When one of the great bands of all time calls it a day

Each Friday, I post Flashback Friday, where I use St. Ignatius of Loyola’s Examen as a guide and usually ask the following questions: For what are you least grateful this past week? For what are you most grateful this past week?

Least/most grateful

Unlike with U2, I came to discover R.E.M. several albums after their first few albums. It wasn’t really until Sept. 17, 1989 that I fell head over heels in love with their music. It was on that date that I saw them at the Mann Music Center in Philadelphia with a group of friends from college, and I never went back to not being a fan of their work, purchasing almost every album they put out…up until at least 2000.

As I recall, they didn’t use a lot of smoke or pyrotechnics, if any. The music was front and center, well for the most part…except, of course, naturally Michael Stipe was front and center…again for the most part. Actually he was all over the place – a dancing fool.

The music was straight ahead “college music,” whatever that meant and still means but it fit what R.E.M. was. (For the complete setlist, see here.) Appropriately, The Throwing Muses, an obscure band known mostly to white suburban college kids, were their opening band since R.E.M.’s lyrics were obscure too, except to the initiated — and even they weren’t always sure what Michael was ranting against except it was “the establishment” and that was cool with them — and with me at that time.

Not that every song was a rant. Some were actually love songs but the majority weren’t and that in part is what set R.E.M. apart from most pop music in the 1980s and into the 1990s.

On Wednesday of this week, the band announced it was disbanding after 31 years and I remembered not only that concert in 1989 that I saw them but also the time that my wife and I saw them on the Vote for Change Tour in 2004 along with Bruce Springsteen and The E-Street Band, Bright Eyes, John Fogerty. That concert was Oct. 1 (complete setlist here). Stipe was still a dancing fool and the music again was mostly front and center (of course, with the message not to vote for that douchebag). They still had it then…I haven’t seen them since so I don’t know if they lost it or not, but on my proverbial turntable and on most of the CDs I own by them, they always will still have it…whatever “it” is…and for that, I’ll be forever grateful even if I’m not as grateful that they decided to “call it a day” as they termed it in their announcement on Wednesday.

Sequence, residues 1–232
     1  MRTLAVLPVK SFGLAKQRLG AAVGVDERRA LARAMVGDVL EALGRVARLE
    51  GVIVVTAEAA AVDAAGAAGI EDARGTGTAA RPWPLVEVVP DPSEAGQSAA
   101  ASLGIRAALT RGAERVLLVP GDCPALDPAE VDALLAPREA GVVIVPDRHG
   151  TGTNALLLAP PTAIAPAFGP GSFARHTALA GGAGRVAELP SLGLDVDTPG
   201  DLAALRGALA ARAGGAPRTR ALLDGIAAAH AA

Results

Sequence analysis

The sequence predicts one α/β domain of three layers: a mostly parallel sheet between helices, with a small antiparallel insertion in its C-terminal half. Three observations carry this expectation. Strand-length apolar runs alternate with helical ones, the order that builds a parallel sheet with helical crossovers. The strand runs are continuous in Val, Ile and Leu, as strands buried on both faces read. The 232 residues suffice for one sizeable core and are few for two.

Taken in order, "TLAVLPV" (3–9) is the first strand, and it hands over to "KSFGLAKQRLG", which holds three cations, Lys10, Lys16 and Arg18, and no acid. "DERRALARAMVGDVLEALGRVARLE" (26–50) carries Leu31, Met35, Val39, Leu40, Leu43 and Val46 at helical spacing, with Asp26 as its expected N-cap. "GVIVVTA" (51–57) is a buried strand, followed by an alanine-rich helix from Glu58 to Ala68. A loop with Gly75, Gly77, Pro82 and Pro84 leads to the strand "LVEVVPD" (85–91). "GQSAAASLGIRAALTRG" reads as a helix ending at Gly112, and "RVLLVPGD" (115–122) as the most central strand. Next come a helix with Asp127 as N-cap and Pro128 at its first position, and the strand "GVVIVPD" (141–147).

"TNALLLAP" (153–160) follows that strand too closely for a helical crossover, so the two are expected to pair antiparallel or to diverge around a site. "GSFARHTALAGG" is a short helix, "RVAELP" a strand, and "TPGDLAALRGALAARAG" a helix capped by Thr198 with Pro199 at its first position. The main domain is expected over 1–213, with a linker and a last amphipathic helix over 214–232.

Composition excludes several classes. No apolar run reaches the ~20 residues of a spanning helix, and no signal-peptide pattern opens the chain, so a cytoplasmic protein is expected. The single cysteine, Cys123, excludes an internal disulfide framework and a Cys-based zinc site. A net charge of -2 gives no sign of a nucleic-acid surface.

I’ll leave you with videos of a handful of my favorite songs over the past 31 years, starting with one from the Green album since that’s where I started with them:

and from my favorite album, Life’s Rich Pageant:

So for what are you least grateful and most grateful this past week?

Peace out, y’all. Holla.

3 responses to “When one of the great bands of all time calls it a day

  1. This was tragic news for music fans, more so if you loved REM. Favourite song, hands down? “Everybody Hurts.” It still brings a tear to my eye. Seriously.

  2. I love Nightswimming! I’m sad they are breaking up